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CU acts to mitigate accidental posting of data online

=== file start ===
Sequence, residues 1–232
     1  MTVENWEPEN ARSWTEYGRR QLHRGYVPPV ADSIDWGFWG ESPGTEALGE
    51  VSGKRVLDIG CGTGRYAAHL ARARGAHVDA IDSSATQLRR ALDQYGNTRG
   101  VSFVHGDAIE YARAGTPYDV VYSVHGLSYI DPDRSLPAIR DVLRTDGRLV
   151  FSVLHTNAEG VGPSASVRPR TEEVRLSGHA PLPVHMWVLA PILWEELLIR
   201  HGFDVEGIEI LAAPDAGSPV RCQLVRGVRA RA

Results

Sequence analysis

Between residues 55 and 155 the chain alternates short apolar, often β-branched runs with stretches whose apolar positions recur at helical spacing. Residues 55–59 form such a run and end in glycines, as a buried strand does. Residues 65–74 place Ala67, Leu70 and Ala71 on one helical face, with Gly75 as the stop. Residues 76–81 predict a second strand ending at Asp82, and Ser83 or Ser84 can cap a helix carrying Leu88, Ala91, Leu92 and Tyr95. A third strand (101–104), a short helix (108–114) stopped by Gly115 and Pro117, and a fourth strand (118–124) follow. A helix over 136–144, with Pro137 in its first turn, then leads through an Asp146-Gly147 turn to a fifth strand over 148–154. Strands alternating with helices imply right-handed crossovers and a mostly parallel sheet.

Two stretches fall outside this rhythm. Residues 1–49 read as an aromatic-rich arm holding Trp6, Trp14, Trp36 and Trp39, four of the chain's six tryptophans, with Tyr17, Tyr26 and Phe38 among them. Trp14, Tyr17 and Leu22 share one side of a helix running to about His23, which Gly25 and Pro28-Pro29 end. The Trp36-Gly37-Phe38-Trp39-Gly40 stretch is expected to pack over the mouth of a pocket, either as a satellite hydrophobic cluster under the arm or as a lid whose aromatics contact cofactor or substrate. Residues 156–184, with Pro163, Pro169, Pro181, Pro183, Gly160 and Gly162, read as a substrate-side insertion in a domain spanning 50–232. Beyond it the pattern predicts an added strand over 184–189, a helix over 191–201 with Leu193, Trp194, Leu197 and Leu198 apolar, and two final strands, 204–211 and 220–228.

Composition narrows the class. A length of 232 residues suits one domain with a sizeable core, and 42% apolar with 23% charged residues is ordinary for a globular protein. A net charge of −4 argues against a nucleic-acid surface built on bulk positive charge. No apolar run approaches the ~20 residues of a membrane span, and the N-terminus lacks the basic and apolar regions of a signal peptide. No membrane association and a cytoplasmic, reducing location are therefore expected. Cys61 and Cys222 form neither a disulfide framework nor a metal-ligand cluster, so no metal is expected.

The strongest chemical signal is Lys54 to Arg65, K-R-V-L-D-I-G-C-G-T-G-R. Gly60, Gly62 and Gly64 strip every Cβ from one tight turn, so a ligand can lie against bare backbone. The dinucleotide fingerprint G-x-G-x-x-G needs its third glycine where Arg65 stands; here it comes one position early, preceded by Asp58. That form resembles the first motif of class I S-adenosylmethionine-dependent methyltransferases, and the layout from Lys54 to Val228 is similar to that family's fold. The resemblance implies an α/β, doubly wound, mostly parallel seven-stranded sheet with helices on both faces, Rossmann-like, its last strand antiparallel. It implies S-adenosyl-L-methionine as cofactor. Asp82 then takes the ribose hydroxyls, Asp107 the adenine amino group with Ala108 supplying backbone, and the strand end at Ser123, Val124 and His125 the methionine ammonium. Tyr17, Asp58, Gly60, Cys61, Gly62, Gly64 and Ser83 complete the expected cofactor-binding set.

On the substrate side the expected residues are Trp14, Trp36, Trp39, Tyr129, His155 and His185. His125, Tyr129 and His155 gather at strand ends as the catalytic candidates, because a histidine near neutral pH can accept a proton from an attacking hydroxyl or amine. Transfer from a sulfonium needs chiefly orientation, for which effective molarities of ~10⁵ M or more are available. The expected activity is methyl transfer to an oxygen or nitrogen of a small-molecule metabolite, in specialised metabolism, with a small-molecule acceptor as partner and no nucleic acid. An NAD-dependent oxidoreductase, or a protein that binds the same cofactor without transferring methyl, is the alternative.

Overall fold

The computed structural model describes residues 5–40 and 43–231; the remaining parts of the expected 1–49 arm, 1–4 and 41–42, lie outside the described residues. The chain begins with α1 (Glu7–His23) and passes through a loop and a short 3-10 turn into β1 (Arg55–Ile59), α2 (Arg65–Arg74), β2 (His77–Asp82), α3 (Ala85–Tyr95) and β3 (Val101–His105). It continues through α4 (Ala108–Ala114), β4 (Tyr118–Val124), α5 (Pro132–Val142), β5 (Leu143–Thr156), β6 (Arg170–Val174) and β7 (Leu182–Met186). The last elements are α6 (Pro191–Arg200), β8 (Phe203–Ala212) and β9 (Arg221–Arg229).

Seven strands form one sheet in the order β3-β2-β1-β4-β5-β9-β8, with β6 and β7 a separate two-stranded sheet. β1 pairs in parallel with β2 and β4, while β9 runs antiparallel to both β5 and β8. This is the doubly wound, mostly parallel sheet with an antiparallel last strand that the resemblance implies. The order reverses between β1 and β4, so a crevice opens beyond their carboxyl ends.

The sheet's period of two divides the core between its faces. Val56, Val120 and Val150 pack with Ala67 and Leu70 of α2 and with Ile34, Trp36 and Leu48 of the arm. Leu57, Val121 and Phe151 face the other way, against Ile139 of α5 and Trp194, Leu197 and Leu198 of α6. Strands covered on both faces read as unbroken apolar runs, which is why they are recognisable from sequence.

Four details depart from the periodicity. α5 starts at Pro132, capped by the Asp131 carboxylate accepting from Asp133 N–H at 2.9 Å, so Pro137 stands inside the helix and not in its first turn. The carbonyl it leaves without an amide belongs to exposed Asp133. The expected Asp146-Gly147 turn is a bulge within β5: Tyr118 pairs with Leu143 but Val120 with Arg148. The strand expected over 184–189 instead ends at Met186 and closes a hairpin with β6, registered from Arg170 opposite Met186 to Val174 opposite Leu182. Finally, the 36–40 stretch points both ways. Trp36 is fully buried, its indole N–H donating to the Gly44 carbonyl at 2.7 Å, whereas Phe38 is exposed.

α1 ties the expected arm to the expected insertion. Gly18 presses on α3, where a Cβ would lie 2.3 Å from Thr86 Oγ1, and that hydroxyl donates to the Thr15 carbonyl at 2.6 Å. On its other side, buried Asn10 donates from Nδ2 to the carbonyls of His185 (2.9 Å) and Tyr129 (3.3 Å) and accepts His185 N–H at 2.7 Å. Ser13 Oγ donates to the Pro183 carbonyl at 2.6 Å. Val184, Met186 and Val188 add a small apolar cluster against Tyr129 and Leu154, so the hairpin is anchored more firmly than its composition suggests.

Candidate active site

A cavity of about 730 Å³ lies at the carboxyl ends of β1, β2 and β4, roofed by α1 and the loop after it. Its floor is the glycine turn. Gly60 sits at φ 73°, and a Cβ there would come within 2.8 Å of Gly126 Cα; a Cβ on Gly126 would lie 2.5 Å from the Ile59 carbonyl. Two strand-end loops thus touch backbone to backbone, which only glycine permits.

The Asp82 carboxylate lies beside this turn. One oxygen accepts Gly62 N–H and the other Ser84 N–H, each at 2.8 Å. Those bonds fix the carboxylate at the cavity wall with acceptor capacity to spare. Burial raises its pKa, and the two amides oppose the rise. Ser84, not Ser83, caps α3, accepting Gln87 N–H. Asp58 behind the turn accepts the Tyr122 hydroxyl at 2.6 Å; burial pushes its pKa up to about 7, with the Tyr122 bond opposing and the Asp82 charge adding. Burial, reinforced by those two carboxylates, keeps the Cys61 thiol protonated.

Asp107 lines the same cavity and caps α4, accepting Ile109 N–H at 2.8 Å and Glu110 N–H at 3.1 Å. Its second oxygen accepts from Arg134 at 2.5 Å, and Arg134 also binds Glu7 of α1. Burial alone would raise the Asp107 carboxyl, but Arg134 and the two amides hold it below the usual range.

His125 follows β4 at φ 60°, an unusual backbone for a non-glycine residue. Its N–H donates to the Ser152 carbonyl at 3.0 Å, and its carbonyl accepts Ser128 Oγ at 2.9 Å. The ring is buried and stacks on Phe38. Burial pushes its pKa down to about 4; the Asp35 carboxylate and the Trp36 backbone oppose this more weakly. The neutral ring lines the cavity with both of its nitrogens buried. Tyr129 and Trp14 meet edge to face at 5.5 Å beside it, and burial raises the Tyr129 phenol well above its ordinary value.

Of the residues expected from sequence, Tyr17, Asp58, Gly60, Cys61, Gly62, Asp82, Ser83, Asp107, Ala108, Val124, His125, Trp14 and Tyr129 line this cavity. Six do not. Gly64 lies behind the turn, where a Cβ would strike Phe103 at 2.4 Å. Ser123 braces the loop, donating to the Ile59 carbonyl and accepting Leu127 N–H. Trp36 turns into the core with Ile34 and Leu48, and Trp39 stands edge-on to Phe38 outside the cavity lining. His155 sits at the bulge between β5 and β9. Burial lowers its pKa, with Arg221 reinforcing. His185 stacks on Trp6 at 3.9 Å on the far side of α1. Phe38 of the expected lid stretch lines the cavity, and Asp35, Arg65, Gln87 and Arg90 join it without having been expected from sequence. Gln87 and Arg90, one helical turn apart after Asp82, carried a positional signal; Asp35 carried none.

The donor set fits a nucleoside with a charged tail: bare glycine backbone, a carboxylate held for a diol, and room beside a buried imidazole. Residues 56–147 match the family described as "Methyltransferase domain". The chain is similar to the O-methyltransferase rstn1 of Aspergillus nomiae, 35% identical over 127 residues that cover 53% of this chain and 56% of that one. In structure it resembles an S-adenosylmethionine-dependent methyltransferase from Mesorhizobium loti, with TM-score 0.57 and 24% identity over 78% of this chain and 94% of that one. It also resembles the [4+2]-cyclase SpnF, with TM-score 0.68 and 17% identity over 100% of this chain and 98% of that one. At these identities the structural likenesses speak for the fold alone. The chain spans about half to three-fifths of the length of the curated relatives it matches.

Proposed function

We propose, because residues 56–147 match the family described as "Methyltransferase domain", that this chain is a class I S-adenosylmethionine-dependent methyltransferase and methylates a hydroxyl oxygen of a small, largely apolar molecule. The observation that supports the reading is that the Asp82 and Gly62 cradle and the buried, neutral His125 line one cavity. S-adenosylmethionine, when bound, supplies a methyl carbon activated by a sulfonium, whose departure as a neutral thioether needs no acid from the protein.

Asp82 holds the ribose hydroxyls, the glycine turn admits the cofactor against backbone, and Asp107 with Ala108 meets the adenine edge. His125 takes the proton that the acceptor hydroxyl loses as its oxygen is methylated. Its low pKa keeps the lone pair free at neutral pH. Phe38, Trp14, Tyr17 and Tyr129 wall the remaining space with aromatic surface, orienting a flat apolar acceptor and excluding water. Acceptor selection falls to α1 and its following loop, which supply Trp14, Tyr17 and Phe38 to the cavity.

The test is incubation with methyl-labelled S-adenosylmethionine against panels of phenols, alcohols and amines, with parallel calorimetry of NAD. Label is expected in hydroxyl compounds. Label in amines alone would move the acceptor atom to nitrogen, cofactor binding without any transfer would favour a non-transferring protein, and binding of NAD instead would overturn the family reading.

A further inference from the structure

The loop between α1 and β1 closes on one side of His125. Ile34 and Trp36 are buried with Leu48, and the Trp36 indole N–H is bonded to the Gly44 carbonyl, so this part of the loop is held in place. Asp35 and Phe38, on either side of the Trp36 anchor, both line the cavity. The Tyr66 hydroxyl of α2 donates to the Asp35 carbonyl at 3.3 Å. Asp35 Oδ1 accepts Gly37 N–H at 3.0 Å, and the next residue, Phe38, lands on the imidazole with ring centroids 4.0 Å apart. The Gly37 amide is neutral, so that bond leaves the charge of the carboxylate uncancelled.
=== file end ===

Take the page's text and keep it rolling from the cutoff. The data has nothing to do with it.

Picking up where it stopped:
ORLANDO, Fla. (8/8/08)--A Florida credit union is taking steps to mitigate the effect on members after their personal information was accidentally posted online. Information from an internal auditing document at Central Florida Healthcare FCU, a $57.5 million asset, Orlando, Fla.-based credit union, showed up online when some members conducted Google searches on their names. In all, a maximum of 187 accounts were exposed on the Web, but preliminary indications show that only two or three were looked at, Trudy Prince, Central Florida Healthcare CEO, told News Now. “Contrary to some media accounts, our entire database is not at risk; it is secure,” Prince emphasized. The credit union has hired forensic experts trained by the FBI to determine the number of hits on the compromised data and where the hits came from. The investigation is ongoing, and there is no data available yet, but it looks like there is a limited amount of activity, Prince said. “We have another team of specialists checking to see if human error or a glitch with the computer program caused the problem,” Prince added. “We’re making sure it doesn’t happen again.” The problem began on July 10 when a glitch occurred during a switch between Web-hosting companies for the credit union’s website. In the process of setting up passwords, an internal audit report used to review closed accounts, delinquencies and charge-offs was exposed on the Web, Prince explained. Last month, a credit union member entered her name into Google, and when it came up, she clicked on a link with information from the credit union. The member and her spouse then called an attorney on July 28. When the attorney called the credit union on July 30 to inform it of the situation, the credit union immediately shut down the site. “This couple is filing a lawsuit against us, and their attorney is looking to make it a class-action suit,” Prince said. The credit union talked to 400-500 members Thursday about the situation, and all are comfortable that their accounts are secure, Prince said. “It’s been time-consuming for us, but worth the effort,” she added. “All our members have been sent letters about the incident. We’ve given them information on how to get a free credit report, and we’ve provided a toll-free number for them to call and get free ID theft protection, which we are offering for up to a year.” Most members have been extremely positive and supportive of the efforts the credit union has undertaken to deal with the situation, Prince said. “Eight people on our credit union staff, including myself, have talked to members,” Prince said. “I talked to about 50 people today and all were positive. I also took the opportunity to talk to them about other credit union issues, and made the conversations educational and informative as well.”
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